I think it’s a very human thing to want to be wanted. Especially in dating. You know that mushy, gooey, gaga feeling you get when you first meet someone, yeah that’s called limerence. It’s the butterflies, that goofy smile when you see their name pop up on a text, or seeing them like your photo you ‘just’ uploaded on Instagram.
Limerence is this space we find ourselves that makes dating both exciting and frustrating at the same time. Your brain is telling you, yes this feeling is great, give me more, more, more, more, and for a few weeks you walk around like sunflowers grow all year round. It’s a great ego boost and you can’t seem to get enough of each other.
Then little by little, that limerence fades. Like how Autumn always sneaks up on you. You know, how all of a sudden the sun rises later, the mornings are colder, but you never seem to really take notice until that first morning you have to wear a jacket to work.
I was dating a guy earlier this year, and now we barely talk to each other. When I first realised what was happening, it messed me up a bit - especially when you get to that place and realise he’s just not that into you. I mean ladies, let’s be honest here, guys don’t stop talking to you because he REALLY likes you. And it’s OK, I mean he’s not a bad guy, in fact he was really nice, and changing his mind about wanting to date me doesn’t make him a jerk either.
It starts with gratitude
How do I feel now? Actually, I feel a whole lot of gratitude for the situation. You know how they say energy is never created or lost, it simply changes form? After I saw the situation for what it was, I began to focus on loving myself a whole lot more. It wasn’t easy, but it taught me a simple, yet important lesson.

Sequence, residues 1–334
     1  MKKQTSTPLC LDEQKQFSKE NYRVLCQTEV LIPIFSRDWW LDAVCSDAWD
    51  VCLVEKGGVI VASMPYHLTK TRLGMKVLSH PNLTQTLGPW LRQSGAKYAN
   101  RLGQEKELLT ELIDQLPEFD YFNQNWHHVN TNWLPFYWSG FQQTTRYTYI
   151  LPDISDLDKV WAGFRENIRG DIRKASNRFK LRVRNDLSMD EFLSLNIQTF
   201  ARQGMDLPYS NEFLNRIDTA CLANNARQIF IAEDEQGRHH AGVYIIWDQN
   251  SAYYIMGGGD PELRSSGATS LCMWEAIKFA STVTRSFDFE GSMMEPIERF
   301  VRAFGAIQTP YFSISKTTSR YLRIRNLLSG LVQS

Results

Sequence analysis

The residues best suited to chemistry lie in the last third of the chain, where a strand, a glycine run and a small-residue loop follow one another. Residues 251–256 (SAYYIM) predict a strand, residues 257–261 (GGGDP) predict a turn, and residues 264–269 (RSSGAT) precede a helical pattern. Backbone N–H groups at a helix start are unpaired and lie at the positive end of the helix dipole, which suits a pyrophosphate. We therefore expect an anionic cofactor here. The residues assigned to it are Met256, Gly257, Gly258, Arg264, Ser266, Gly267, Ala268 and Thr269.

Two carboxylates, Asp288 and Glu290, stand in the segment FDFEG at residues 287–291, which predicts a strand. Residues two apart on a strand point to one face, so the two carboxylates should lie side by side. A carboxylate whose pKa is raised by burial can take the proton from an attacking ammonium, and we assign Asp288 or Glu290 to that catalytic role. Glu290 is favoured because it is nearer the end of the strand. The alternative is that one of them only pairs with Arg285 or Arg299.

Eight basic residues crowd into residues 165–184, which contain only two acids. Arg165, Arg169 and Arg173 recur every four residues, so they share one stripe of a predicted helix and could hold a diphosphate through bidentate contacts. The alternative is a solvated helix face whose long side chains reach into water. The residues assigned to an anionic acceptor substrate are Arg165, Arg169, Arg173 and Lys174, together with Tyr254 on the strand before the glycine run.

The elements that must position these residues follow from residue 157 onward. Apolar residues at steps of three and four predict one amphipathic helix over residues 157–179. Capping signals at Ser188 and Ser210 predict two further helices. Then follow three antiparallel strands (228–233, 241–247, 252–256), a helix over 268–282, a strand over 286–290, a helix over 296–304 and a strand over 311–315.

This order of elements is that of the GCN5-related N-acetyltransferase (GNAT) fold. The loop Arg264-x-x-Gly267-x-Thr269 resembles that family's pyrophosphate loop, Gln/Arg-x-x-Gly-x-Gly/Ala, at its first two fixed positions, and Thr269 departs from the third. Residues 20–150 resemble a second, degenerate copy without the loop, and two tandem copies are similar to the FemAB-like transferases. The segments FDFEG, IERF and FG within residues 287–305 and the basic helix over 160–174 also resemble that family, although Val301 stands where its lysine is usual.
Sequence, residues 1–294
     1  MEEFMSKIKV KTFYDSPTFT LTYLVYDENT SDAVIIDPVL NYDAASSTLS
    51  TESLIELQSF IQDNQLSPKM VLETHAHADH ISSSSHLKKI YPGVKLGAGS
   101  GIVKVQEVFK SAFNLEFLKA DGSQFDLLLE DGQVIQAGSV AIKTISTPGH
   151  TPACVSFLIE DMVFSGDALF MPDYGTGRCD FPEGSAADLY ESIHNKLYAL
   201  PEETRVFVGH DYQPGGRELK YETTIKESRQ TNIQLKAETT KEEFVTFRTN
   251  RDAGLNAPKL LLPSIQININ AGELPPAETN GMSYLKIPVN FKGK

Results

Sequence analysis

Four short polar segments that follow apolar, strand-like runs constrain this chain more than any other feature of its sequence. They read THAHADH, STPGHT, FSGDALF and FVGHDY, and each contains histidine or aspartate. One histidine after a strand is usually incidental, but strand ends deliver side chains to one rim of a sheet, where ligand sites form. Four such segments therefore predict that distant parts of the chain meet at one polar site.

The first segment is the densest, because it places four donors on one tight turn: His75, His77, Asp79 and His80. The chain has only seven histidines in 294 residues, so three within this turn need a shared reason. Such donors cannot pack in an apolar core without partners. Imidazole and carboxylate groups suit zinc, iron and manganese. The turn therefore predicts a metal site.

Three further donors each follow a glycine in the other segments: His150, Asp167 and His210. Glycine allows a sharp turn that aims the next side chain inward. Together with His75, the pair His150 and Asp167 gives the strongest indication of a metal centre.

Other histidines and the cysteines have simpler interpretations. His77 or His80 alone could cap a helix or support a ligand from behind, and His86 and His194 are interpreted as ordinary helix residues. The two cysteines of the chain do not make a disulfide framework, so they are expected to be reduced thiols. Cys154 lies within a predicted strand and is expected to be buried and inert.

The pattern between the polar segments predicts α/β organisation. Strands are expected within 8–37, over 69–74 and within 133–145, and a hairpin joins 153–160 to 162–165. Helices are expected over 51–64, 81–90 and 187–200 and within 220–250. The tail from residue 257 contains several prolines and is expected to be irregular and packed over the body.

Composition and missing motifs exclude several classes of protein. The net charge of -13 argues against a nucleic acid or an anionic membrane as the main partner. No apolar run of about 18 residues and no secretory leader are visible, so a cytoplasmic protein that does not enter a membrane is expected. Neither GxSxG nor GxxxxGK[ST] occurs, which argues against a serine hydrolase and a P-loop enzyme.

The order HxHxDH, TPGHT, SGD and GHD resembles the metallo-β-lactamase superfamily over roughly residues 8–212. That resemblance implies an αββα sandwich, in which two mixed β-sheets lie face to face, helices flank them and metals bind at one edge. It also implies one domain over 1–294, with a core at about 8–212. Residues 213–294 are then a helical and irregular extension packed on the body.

When forming genuine connections, either platonic or romantic, we offer love equal to the capacity we are ready to receive ourselves. Read ‘how much we give love to ourselves’. To put it simply, if our personal love tanks are near empty, we constantly feel the need to seek validation from that person. You rely on them to top up your happiness level because you’re not doing it yourself. It’s like ordering a meal at the restaurant and purposely leaving your wallet at home, then getting angry at the manager because you can’t pay for your food.
Ease up on your expectations
I also learned that it’s OK to take your time to get to know someone, without feeling the need to label that connection. I’ve had this conditioning, this old way of thinking that once I’m in a relationship, I will feel safe, be wanted...always. That’s a lot of pressure to put on someone you barely know! What if that person that I was in such rush to be the other half of ‘us’ with isn’t someone that will help me to grow as a person, that I want to build a life with, what if, just maybe, he isn’t someone I want to have forever with? Does it make that connection any less valued?
Loving yourself isn’t a catchphrase set in a beautiful typeface, it’s a conscious decision to be OK with being you. Being happy despite your flaws. Feeling gratitude for all of what life offers. Embracing the lessons, especially when you did the total opposite of your mother’s advice because you thought you knew better. Best of all, it’s knowing your worth, and placing a high value on your heart. And theirs. If you want to give your heart to someone, and I mean real emotional investment, start with yourself. That means they will get the best version of you, and they can give you the best version of them.
Today, I’m happy being single, and it took me awhile to find that space for myself. Life really is a great adventure, and if one day I meet someone who wants to share that with me... awesome. This year feels different already, but I can’t put my finger on just yet. It feels like I’m finally gaining traction, and that’s good enough for me.
Loving Yourself Isn't A Catchphrase Set In A Beautiful Typeface is an extract from my second book to be released circa 2019, and the sequel to STUCK - Friends, Lovers & The Obscurity of In Between (May 2017).